Proposals to amend the 1974 Athens Convention
Relating to the Carriage of Passengers by Sea
On December 13th 1974 at an International Diplomatic Conference held in Athens the final text was agreed for a Convention relating to the Carriage of Passengers and their Luggage by (the Athens Convention for short ) The Convention came into force in 1987 and it came in to force in April 1987.
At the 74th Session of the IMO Legal Committee held in October 1996 a paper was submitted by the UK Government proposing that owners of all ships should carry third party liability insurance against all types of claim which might arise out of the operation of a ship. By the time of the 76th Session of the Legal Committee in October 1997 it had become clear that it would not be possible to impose the proposed compulsory insurance requirement unless there was also a well established liability regime. In other words a shipowner cannot be required to carry liability insurance unless it is possible to identify what those liabilities are.
At that stage the Legal Committee scaled down its ambitions and decided to work towards an instrument which would require the owners of passenger carrying vessels to carry third party liability insurance so as to ensure that the claims of innocent passengers would be adequately secured and paid. It was further proposed that passengers should be able to pursue their claims directly against the liability insurer. A third element of the proposal was that the limits of liability contained in the 1974 Athens Convention should be substantially increased bearing in mind the fact that limits which might have been adequate in 1974 will no longer adequate in the late 1990’s.
There was, initially, some opposition to these proposed changes principally from the International Group of P & I Clubs. The International Group had two basic objections. Firstly the Group pointed out that most passenger ship operators already carried P&I cover which ensured that legitimate passenger claims were paid subject to the relevant limitation regime. Secondly the Group protested that granting a right of direct action against liability underwriters violated the indemnity principle which is the basis of all liability insurance. In other words the liability insurer does not insure the passenger claimant direct but, by the terms of the insurance policy, agrees to indemnify the shipowner against any passenger claims which he may have to pay (and has paid). In the event the International Group did not press its opposition to the proposed changes recognising that there is a general concern that passengers are not properly protected and that the principle of indemnity had already been lost in other international maritime law conventions such as the CLC 1969 where, for the first time, claimants were given a direct right of action against liability insurers.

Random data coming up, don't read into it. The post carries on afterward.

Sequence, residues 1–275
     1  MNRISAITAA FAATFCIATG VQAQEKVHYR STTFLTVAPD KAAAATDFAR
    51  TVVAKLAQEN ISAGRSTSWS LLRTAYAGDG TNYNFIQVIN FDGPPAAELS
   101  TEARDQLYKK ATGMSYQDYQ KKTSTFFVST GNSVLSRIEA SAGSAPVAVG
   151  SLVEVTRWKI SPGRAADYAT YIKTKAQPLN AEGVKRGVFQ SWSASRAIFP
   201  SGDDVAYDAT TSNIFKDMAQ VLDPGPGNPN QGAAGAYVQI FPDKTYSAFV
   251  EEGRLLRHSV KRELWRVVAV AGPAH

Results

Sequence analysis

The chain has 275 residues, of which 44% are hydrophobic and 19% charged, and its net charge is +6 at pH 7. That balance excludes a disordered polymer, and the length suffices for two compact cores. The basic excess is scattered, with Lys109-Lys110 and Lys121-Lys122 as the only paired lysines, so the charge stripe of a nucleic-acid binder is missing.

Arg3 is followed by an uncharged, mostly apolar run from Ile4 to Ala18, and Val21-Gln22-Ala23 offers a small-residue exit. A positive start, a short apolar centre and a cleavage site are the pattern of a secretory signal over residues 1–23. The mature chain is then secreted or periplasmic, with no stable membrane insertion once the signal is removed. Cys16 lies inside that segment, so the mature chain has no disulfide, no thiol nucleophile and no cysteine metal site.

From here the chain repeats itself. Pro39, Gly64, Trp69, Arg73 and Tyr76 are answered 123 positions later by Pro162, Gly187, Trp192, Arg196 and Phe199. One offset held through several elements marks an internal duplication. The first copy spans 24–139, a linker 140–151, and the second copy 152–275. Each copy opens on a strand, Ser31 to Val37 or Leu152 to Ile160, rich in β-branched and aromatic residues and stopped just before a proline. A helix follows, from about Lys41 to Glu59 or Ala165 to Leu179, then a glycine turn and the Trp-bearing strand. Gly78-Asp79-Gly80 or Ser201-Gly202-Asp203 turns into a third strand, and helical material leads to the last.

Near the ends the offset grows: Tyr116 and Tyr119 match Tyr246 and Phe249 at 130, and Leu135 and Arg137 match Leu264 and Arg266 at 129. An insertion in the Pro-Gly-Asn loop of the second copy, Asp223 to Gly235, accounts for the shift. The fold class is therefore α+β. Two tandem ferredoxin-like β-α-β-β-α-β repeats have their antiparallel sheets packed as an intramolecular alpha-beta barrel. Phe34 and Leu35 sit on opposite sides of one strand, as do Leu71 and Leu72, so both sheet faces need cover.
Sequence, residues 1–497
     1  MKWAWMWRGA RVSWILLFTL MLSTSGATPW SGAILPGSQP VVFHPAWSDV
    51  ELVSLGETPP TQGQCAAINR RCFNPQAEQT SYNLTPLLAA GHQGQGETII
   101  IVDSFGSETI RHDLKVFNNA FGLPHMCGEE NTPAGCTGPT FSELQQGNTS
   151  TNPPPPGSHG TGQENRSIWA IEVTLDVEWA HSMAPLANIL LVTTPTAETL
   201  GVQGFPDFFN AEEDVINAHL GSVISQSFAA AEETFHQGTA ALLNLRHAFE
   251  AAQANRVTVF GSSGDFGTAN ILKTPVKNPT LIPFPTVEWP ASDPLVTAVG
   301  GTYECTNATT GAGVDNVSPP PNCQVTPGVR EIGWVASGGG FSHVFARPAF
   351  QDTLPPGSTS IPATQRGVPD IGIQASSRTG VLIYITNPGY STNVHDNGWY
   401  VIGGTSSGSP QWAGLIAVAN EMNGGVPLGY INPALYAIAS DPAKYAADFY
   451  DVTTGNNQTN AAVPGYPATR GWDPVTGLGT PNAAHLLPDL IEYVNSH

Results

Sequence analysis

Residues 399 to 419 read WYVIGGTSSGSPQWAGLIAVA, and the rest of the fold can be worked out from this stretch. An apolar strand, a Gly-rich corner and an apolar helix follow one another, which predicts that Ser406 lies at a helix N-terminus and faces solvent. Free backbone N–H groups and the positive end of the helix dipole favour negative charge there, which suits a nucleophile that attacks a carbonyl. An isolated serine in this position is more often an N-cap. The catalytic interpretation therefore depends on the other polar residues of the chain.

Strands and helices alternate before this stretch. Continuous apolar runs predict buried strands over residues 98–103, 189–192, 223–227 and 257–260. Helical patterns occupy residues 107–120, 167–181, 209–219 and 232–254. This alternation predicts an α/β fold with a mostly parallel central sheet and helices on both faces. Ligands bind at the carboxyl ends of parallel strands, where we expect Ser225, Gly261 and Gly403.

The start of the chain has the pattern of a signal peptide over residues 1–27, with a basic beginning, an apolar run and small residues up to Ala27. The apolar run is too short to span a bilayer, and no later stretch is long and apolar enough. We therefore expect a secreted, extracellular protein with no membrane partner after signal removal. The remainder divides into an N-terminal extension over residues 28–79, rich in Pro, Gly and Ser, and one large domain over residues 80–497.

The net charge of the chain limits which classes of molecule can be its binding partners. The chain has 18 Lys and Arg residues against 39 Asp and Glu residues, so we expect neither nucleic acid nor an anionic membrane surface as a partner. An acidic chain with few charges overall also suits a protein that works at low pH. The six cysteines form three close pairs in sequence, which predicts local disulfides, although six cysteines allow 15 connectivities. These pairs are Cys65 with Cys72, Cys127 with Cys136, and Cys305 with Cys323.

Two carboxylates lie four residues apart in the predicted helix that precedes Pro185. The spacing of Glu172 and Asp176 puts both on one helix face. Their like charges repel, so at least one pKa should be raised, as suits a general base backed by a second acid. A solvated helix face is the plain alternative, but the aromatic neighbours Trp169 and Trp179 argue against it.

As is mentioned earlier in this paper the whole exercise began at the 74th Session of the IMO Legal Committee in October 1996, 4 years on, it is worth seeing where IMO now stands with this project.
It might be thought that a Protocol to increase limits, require the shipowner to carry liability insurance and to give claimants direct access to insurers would not be a complex matter. However at an early stage in discussions it was suggested (by Japan) that the opportunity should be taken of reviewing the liability provisions of the Athens Convention. Briefly the position, as regards liability under the 1974 Convention, is that the shipowner is liable for death or personal injury to a passenger if the incident causing the death or personal injury occurs during the course of the voyage and is due to the negligence of the carrier or his servants. However, the Convention also provides that if the death or personal injury occurs as a result of a maritime incident (shipwreck, collision, stranding, explosion or fire or defect in the ship) there is a presumption that the carrier or his servants have been negligent. This is only a presumption and the shipowner escape liability if he can prove that the incident occurred without his negligence or that of his servants. This has been referred to as a “semi-strict” liability regime.
The relevant Sessions of the Legal Committee were going on at the same time as the aviation industry was busy reviewing the Warsaw Convention which covers loss of life or personal injury to airline passengers. The attention of the IMO Legal Committee was drawn to the fact that the aviation industry was moving towards proposing strict liability on airline operators for death or personal injury to passengers. The Legal Committee was urged, therefore, at least to move some way towards the position adopted in the aviation industry and to impose a much stricter degree of liability on shipowners than they had been accustomed to under the existing Athens regime.
It is impossible at this stage to predict exactly what the final form of the Protocol may be. However, the IMO Legal Committee is working to a tight schedule to finalise this Protocol. There is a commitment from the IMO to make funds and time available for a Diplomatic Conference some time in 2002 or 2003 at which the final text of the Protocol will, hopefully, be agreed. This means that to all intents and purposes the wording of the Protocol must be agreed at the next Session of the Legal Committee which is due to take place in London between October 8th and 12th this year.